Swansea scientist discovers natural solution for bluetongue disease

A researcher at Swansea University has discovered that a strain of fungus could be used to control the insect-borne bluetongue virus (BTV) common in livestock, potentially preventing thousands of losses to farmers each year

HEALTHY ADULT MIDGES 

 

Dr Minshad Ali Ansari who works in one of the leading insect mycopathology (insect pest control) teams in the UK - based at Swansea University's College of Science - has conducted a study that shows for the first time that the strain of fungus known as Metarhizium anisopliae V275 can effectively kill adult Culicoides (biting midges) in the family of insects that carry BTV.

Dr Ansari explained: "Although insecticides have proved effective in killing Culicoides species, they have been harmful to a range of beneficial insects".

"As a result, the range of available insecticides has diminished as the chemical-based products are withdrawn from the market - because of the perceived risk to humans and the environment - and farmers face a growing challenge to control the population of biting midges."

BTV is an arbovirus, a group of viruses transmitted by arthropod vectors, invertebrates that carry and transmit an infectious agent, in this case the Culicoides biting midge.

The control of bluetongue (BT) disease, which mainly affects sheep and cattle, is of growing importance in Europe due to the influence of climate change. Before 1998, there had only been a few small outbreaks, but increasing temperatures mean the virus is starting to survive further north over the winter.

As a result, BT outbreaks have had a major economic impact in European countries in recent years, through livestock losses and restrictions imposed on cattle movements.

This new study made possible with 400K€ (Euro), of funding from INTERREG 4A is the first to demonstrate the efficacy of fungus against the adult midges responsible for transmitting BTV.  The study is particularly timely as new EU directives are encouraging member states to develop integrated pest management programmes which use benign plant protection products.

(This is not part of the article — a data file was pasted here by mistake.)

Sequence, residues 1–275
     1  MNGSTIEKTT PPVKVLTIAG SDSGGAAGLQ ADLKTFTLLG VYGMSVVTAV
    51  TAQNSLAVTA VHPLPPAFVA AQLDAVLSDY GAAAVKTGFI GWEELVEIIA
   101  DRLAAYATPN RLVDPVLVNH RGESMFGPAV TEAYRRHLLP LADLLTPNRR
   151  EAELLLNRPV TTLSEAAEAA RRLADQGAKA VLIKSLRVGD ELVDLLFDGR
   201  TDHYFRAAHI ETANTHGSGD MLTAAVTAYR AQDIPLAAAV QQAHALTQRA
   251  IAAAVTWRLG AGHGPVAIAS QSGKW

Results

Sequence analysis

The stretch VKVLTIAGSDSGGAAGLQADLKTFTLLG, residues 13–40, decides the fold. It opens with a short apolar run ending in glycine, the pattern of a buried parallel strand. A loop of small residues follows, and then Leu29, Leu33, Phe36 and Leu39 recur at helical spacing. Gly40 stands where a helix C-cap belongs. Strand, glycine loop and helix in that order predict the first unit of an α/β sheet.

Dr Ansari conducted trials using adult male and female midges and found the fungal susceptibility test identified the fungus Metarhizium anisopliae V275 as highly virulent in both the laboratory and under greenhouse trials - killing the insects within 24 hours.

The tests also revealed that increasing the dose of fungus decreased the number of midges that survived.  Encouragingly, the efficiency of the fungus was shown to increase when applied to certain substrates such as manure - as opposed to tissue paper - suggesting success in future field tests.

ADULT MIDGE INFECTED WITH METARHIZIUM ANISOPLIAE V275 

Although the fungi tested in the study appears to present little risk to people or the environment, widespread use of the fungi will be dependent on rigorous field trials to establish the best formulations and methods of delivery, and to evaluate potential risks.

While earlier research, undertaken by the research team, found that use of the control agent Metarhizium anisopliae is effective when applied to the larval stages of insects yet remained safe for fish, birds and mammals, field experiments of the newly developed strain of fungi (Metarhizium anisopliae V275) will need to thoroughly investigate potential effects on non-target species.

Professor Tariq Butt, who leads the insect mycopathology at Swansea University's College of Science concluded: "The development of Metarhizium anisopliae V275 - as a control agent for Culicoides biting midges - is a significant step forward for the research team.

"The fungi can, potentially, be applied cost-effectively to the places where adult midges rest, such as animal housing and livestock, to effectively target known problem areas. 
"The next step is to test the fungus in large-scale field trials with the eventual aim of developing protocols for its simple and economical application in BTV endemic countries."

Dr Minshad Ansari's article 'Fungus could help control bluetongue disease' has been published by the Science for Environment Policy DG Environment News Alert Service and can be downloaded here: Fungus could help control bluetongue disease .

This news item has been generated by Mari Hooson, Swansea University Public Relations Office, Tel: 01792 513455 or email m.hooson@swansea.ac.uk.

Photo Caption(s):

Image 1:  Healthy adult midges (photo provided by Eric Denison, IAH, Pirbright)

Image 2 :  Adult midge infected with Metarhizium anisopliae V275